National Blues Museum takes shape in St. Louis
While other popular forms of music -- rock and roll, country, jazz and even traditional Hawaiian music -- have their own halls of fame, one of America's original art forms, the blues, lacks a single focal point where fans can gather and remember the past.
That could change with plans for the National Blues Museum in St. Louis, which hopes to break ground soon and open within the next year, depending on determination of the facility's final design, according to organizers.
"It's going to be kind of space-agey," Museum chairman Rob Endicott told Reuters. "The idea is to make it a technology-driven, interactive experience. We will have the memorabilia, too, but it won't be a museum of just artifacts."
According to the Reuters article, the museum group has obtained space in an 1892 storefront near the Mississippi River, not far, in fact, from the levee where a then-homeless "Father of the Blues" W.C. Handy wrote "St. Louis Blues" more than a century ago. The museum, funded by private donations, will be part of the emerging Mercantile Exchange District near the famed blues city's riverfront. Groundbreaking is also set later this year for a half-billion-dollar Gateway Arch park rehab that city boosters hope will draw even more people and businesses to the riverfront area.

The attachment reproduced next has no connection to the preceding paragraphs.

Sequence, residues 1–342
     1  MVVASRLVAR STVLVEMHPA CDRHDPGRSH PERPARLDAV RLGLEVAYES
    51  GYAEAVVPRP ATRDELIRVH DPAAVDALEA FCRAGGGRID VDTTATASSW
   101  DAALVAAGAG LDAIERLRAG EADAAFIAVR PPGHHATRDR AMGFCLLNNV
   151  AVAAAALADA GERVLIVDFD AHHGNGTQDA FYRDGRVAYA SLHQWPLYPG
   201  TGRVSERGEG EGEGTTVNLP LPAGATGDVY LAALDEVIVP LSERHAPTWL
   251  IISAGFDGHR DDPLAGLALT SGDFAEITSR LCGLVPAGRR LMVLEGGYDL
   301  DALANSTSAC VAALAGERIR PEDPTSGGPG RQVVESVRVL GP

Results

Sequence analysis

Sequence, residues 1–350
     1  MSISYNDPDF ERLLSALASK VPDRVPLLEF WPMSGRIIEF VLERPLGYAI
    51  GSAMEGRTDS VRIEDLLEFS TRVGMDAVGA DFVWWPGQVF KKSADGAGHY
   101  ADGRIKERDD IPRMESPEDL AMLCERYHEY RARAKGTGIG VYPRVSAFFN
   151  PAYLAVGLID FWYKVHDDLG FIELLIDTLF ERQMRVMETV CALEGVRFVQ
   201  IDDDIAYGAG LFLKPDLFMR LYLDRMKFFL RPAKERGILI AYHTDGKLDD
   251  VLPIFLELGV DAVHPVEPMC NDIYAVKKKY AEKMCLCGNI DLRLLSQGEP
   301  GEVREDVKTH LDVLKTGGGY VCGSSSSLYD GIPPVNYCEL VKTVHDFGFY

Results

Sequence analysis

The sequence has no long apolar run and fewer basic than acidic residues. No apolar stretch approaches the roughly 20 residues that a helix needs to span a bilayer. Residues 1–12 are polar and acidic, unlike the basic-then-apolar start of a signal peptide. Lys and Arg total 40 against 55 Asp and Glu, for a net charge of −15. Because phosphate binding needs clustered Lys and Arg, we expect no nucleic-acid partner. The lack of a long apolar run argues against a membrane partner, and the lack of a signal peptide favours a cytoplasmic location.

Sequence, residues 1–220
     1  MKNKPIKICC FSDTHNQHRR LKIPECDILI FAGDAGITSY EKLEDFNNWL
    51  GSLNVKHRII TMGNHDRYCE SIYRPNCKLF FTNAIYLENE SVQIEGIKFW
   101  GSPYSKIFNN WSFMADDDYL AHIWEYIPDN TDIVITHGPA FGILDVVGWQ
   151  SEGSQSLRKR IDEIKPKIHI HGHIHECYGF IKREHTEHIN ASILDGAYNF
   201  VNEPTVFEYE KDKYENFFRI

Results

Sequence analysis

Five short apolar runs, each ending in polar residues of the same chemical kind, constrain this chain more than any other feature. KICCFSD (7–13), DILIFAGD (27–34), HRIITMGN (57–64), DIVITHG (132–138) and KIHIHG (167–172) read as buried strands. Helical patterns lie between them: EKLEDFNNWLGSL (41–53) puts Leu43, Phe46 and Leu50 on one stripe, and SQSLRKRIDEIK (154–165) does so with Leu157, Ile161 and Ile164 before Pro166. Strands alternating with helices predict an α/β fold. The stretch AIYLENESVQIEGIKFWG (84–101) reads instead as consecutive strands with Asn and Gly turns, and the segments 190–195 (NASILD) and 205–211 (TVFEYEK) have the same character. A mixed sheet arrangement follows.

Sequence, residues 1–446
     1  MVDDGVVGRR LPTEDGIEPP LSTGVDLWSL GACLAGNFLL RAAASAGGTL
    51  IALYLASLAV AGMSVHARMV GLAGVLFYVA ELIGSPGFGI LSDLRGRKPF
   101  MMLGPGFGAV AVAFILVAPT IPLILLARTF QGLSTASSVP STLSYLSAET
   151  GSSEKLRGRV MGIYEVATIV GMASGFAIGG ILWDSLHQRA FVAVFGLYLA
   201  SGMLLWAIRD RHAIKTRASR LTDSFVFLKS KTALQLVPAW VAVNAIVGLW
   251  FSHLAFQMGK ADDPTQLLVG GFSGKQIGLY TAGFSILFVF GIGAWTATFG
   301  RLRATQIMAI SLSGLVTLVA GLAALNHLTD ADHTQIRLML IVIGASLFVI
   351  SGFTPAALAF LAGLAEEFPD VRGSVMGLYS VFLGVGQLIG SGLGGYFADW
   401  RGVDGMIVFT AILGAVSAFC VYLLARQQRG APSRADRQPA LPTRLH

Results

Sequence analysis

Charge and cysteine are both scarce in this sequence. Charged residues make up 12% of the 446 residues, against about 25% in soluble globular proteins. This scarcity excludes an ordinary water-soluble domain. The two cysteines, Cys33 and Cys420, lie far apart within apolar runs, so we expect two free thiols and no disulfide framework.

"Tourists come to the Arch and they park and they look at the Arch and they drive away," Endicott said in the article. "We want to give them something to walk to."
An overview of the museum's plans can be found at the organization's website, including renderings of what the site is expected to look like when completed.
An 11-day Bluesweek celebration to help support the museum was announced last week, with performers including Shemekia Copeland, Bobby Rush, Kelly Hunt and Arthur Williams, among others. The event will center on a three-day Memorial Day weekend concert at downtown St. Louis' Soldiers' Memorial.